SANTORUM WOULD RAISE THE RETIREMENT AGE

Santorum: “I proposed [raising the retirement age] back in 1994, and I think that’s an option that has to be on the table.” –Meet the Press, June 12, 2011

“We’re in the middle of a phase-up [in the retirement age] to age 67…We need to continue to do that.” – Remarks at Lancaster, SC, September 13, 2011

The Truth: Not only do we not need to raise the retirement age, we should not. We can close Social Security’s projected long-term funding gap by removing the cap on wages taxed for Social Security.

Santorum does not seem to realize that raising the retirement age is bad policy. Raising Social Security’s full retirement age from 67 to 69 amounts to a 13 percent across-the-board benefit cut, no matter what age an eligible worker retires. This would be especially unfair to low-income workers and minorities, who are more likely to experience work-limiting health problems and/or work in physically demanding jobs. Finally, raising the retirement age discriminates against the growing number of elderly unemployed, who have a much harder time finding new work after being laid off. Santorum is out of touch with the vast majority of Americans who oppose raising the retirement age.

SANTORUM OPPOSES RAISNG THE PAYROLL TAX CAP

Santorum: “So to say, why don’t we just raise the cap, you’re basically just taxing people to fund the program…You’ve turned the Social Security system into an income support and replacement system, to a welfare transfer tax…[Raising the cap] would exacerbate [that] problem.” (Interview, November 1, 2011)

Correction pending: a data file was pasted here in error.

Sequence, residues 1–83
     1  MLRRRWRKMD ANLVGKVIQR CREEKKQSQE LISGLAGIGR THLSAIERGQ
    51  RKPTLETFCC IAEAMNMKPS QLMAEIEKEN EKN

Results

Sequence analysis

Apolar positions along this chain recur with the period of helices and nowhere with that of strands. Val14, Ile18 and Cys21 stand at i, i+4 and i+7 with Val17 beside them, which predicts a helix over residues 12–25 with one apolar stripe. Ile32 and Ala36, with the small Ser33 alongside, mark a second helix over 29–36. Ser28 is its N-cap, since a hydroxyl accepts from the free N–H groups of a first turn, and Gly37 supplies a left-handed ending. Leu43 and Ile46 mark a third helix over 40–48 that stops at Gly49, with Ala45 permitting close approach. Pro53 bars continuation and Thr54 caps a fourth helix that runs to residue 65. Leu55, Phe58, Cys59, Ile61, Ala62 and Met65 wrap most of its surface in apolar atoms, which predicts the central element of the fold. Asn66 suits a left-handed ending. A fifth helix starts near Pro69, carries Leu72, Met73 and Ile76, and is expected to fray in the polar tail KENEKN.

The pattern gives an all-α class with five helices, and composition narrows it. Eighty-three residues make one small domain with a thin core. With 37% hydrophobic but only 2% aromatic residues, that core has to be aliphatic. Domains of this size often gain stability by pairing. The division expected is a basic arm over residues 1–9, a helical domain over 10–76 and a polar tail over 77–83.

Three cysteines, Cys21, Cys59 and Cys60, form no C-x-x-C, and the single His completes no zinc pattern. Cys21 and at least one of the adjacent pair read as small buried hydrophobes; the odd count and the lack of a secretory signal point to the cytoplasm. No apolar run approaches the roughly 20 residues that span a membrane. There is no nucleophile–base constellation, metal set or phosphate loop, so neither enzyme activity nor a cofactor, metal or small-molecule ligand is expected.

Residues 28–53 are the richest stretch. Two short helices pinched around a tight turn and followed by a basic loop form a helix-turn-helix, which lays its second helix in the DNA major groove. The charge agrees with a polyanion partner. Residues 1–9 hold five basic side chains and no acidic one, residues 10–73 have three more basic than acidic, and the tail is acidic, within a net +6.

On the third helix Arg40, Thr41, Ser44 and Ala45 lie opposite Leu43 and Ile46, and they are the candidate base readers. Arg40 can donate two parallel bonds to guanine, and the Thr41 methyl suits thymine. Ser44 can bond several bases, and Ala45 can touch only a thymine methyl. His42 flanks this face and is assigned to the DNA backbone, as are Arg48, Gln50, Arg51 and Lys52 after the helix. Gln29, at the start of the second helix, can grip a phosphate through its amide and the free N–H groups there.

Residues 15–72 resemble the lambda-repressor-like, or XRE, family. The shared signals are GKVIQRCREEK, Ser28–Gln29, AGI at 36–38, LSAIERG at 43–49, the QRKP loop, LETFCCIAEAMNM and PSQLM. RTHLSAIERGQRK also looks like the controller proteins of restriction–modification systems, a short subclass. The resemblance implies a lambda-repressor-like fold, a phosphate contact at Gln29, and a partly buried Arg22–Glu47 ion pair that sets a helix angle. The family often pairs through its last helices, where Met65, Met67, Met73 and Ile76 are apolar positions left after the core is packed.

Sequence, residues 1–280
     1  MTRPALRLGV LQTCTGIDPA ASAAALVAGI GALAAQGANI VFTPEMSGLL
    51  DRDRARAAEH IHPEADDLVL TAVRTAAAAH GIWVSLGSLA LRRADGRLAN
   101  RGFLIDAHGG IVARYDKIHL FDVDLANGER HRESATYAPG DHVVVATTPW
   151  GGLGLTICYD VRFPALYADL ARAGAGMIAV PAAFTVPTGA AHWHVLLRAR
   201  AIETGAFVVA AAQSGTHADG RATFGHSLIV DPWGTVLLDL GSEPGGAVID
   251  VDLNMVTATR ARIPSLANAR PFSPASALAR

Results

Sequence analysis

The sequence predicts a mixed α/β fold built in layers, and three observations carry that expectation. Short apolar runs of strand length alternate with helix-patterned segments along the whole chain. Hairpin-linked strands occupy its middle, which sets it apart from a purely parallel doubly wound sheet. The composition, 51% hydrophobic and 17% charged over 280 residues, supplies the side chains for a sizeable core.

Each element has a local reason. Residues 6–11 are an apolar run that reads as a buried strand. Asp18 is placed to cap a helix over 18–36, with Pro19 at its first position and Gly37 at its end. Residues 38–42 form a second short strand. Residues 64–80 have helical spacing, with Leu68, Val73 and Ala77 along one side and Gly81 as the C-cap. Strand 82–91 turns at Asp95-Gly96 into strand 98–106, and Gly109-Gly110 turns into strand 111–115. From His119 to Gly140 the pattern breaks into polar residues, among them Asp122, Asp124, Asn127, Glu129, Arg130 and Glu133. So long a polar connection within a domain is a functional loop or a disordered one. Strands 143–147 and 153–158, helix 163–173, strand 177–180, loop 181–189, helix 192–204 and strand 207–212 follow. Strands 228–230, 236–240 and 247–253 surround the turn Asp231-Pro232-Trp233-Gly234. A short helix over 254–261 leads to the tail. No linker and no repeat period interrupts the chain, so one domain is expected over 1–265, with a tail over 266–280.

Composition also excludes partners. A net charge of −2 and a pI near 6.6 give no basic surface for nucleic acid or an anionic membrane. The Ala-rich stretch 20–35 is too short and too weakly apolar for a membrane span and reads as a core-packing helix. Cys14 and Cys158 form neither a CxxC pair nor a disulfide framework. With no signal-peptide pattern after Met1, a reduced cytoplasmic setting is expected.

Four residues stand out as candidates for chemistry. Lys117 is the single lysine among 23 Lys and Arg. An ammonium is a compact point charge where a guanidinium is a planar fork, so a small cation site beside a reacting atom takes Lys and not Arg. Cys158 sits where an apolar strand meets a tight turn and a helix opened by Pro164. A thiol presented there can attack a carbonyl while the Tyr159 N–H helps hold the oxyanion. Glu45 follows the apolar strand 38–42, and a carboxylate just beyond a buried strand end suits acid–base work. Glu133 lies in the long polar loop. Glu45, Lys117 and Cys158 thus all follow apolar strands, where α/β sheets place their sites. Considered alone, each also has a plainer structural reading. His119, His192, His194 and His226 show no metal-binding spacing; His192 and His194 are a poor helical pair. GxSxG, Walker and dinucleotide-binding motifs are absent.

The Truth: Social Security payroll tax contributions will only be paid on wages up to $110,100 in 2012, with employees and employers each contributing. Just 6 percent of the population has wages above that cap. While the vast majority of Americans must make payroll tax contributions on all of their wages, millionaires and billionaires will only do so on the first $110,100 of their earnings in 2012.

Scrapping the cap so that all earnings are subject to the payroll tax would close Social Security’s entire projected 75-year funding gap, or come very close to doing so (depending on the technical details of the proposal). For example, Social Security’s Office of the Chief Actuary estimates that eliminating the cap on earnings subject to the payroll tax, while maintaining the cap for calculating benefits so they do not climb higher based on the increased contributions, would close over 100 percent of the projected funding gap.

Seven out of ten (71 percent) voters support enacting Social Security payroll tax contributions on wages above $110,100, according to a bipartisan poll by Lake Research Partners and American Viewpoint.

Ensuring that the next generation will fully benefit from the promise of Social Security is all about choices, Mr. Santorum is out of step with the American people – not just Democrats, but Independents, and Republicans, who overwhelmingly and correctly reject the choice of cutting Social Security’s benefits.